When Instagram launched in 2010, no-one knew just how big of an impact it would have on the world. With over 1 billion monthly users, the app has become an unavoidable part of life, particularly for younger generations.
Though Instagram is often dismissed as a platform of superficiality and little substance, its merits in our modern world are becoming increasingly apparent, with companies and businesses moving to the app and a great deal of important activism and information circulating on it. What’s more, it’s not going away any time soon.
In a world where abstaining from social media is out of the ordinary, how much should we be following blindly as it claims more and more of our time? As we move towards a more social media-oriented future, more attention is owed to the way it’s impacting our relationships with others and with ourselves.
If you post a photo of yourself, and you get likes and comments from followers this will serve as a form of validation
A new study published this July by Charles Stuart University aims to fill in some of the gaps that other studies have left behind. Previously, data has offered conflicting evidence on Instagram user well-being, but this study takes a closer look into the reasons behind these discrepancies in user experience.
Crucially, it reveals that posting photos of yourself and receiving positive social rewards for them, in the form of likes and comments from friends, will elevate user well-being. This seems to make sense: if you post a photo of yourself, and you get likes and comments from followers, this will serve as a form of validation that is easy to access and instantaneous.
Though Dazed posted an article on the report titled ‘Sharing selfies on Instagram makes you happier, says study’, the lessons to draw from it seem less straight-forward. The report argues that this data on the positive impacts on well-being of social rewards should be used by Instagram to enhance user experience. What it doesn’t do (and to be fair, isn’t trying to do) is account for the way that we use the app as a whole.
It perpetuates the idea that other people’s lives are more fun, more fulfilling and more successful
Too much dependency on the app can be bad for users. Craving social recognition and rewards from posts can quickly turn sour as it doesn’t equate real interactions with others, and it can’t totally overrule feelings and beliefs about yourself outside of the app.
A message I saw circling around Tumblr back in 2014 was one urging people not to compare their own behind the scenes to the showreels of others. This feels relevant now more than ever. While posting pictures of yourself at your best can provide a short-term high from the reception that it may get, it doesn’t help us to be more accepting or caring towards ourselves at our low points.
If everyone is posting pictures of their ‘showreels’, far from elevating our sense of selves, it perpetuates the idea that other people’s lives are more fun, more fulfilling and more successful than our own.
We are far from a world where the only kind of attention a person can receive is positive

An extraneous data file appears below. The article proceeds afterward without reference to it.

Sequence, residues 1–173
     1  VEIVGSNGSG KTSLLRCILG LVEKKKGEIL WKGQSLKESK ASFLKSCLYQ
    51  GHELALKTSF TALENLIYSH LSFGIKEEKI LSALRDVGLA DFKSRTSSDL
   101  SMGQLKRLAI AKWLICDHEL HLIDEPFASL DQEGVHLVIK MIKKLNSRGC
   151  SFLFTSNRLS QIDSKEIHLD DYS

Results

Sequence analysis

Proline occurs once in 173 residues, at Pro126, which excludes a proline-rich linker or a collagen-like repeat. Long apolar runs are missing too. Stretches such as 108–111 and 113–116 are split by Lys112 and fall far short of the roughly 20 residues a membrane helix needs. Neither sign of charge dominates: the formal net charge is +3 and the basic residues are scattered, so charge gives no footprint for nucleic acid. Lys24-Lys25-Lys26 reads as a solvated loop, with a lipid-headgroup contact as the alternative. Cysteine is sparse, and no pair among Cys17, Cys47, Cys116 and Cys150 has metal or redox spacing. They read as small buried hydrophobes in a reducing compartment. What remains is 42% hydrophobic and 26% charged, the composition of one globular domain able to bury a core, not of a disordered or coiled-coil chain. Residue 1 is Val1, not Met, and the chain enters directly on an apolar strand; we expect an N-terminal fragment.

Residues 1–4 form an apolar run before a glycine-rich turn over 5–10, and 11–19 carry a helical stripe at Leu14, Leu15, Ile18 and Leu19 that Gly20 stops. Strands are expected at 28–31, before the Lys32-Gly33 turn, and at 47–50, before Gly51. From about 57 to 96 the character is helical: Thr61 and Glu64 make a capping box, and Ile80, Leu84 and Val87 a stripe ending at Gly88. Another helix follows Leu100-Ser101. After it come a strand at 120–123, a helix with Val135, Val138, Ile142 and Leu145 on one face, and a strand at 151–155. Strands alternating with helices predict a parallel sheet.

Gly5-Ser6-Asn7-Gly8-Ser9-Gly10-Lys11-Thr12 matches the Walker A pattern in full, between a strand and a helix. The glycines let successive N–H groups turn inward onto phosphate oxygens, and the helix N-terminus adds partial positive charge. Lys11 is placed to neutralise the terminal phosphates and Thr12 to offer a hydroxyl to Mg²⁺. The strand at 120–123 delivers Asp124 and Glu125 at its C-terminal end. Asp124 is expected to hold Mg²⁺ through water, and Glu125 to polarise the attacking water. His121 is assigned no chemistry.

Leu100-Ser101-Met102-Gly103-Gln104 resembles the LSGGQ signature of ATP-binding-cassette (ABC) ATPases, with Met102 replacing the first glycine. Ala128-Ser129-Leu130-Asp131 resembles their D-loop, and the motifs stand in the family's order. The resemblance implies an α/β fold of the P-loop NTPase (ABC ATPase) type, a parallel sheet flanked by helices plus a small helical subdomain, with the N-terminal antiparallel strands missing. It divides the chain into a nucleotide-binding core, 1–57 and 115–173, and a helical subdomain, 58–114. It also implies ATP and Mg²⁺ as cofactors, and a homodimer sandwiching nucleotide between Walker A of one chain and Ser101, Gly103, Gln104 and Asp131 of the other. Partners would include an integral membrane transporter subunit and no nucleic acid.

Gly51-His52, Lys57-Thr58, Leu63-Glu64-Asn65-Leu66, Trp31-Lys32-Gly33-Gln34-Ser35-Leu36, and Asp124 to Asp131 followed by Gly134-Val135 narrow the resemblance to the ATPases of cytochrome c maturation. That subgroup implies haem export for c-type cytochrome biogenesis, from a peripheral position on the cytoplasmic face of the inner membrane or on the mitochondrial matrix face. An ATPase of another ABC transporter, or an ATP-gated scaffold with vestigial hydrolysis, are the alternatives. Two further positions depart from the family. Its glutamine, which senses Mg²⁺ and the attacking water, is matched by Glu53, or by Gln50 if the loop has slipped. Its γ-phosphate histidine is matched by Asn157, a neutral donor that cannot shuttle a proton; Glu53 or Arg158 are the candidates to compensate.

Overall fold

This is not to say that we should feel guilty about posting the version of ourselves that we want others to see, but it is interesting that more and more accounts at influencer level are posting photos of themselves from ‘behind the scenes’ perspectives, with more honest captions. If we want to encourage an Instagram where better well-being is the goal, should we really be beginning by promoting the idea that more selfies will equal more positive attention, in turn equalling greater happiness?
Further proof that high numbers of followers and staggering numbers of likes on photos isn’t the key to a blissful existence is the treatment of celebrities online. From influencers to activists, we are far from a world where the only kind of attention a person can receive is positive. Two recent examples that come to mind are that of Molly-Mae Hague, 21-year-old ex-Love Island contestant, and Munroe Bergdorf, a 32-year-old model and social activist.
Hague has shared comments she received from strangers online, calling her names like “fat cow”, and she claims that she receives messages of this variety so frequently that she’s become “desensitised” to the hate. In a similar, but frequently more insidious way, Bergdorf is continually attacked and sent lewd messages for being trans and for her activism, sharing one in particular where she was sent an image of a noose.
There is a definite danger in the way that people are placed on pedestals
There is a definite danger in the way that people are placed on pedestals on the app, but also in the way that they are so highly scrutinised. While the average user will have far fewer followers, the majority of whom they will know personally, an element of the same vulnerability exists. Along with posting photos of yourself and receiving positive comments and likes, this can frequently come with other people’s negative judgements or, more likely, anxiety around the judgements that others may have.
Though Instagram was set up initially as a platform for sharing in-the-moment-pics of restaurant dishes and visually appealing views, does the app have a higher duty to protect their users today? If so, will introducing a feature that elevates the number of likes a person gets on their photos, encouraging higher rates of social interactions online, really help this or perpetuate the more negative patterns?
Reports like this one do help us to better understand our psychology in relation to Instagram, offering opportunities for us to critique the way that we use it. Perhaps some positive changes we can make as users are following a wider variety of accounts, broadening the kinds of ‘showreels’ that we see, and challenging the reasons behind our own posts, and what versions of ourselves we’re happy for our followers to see.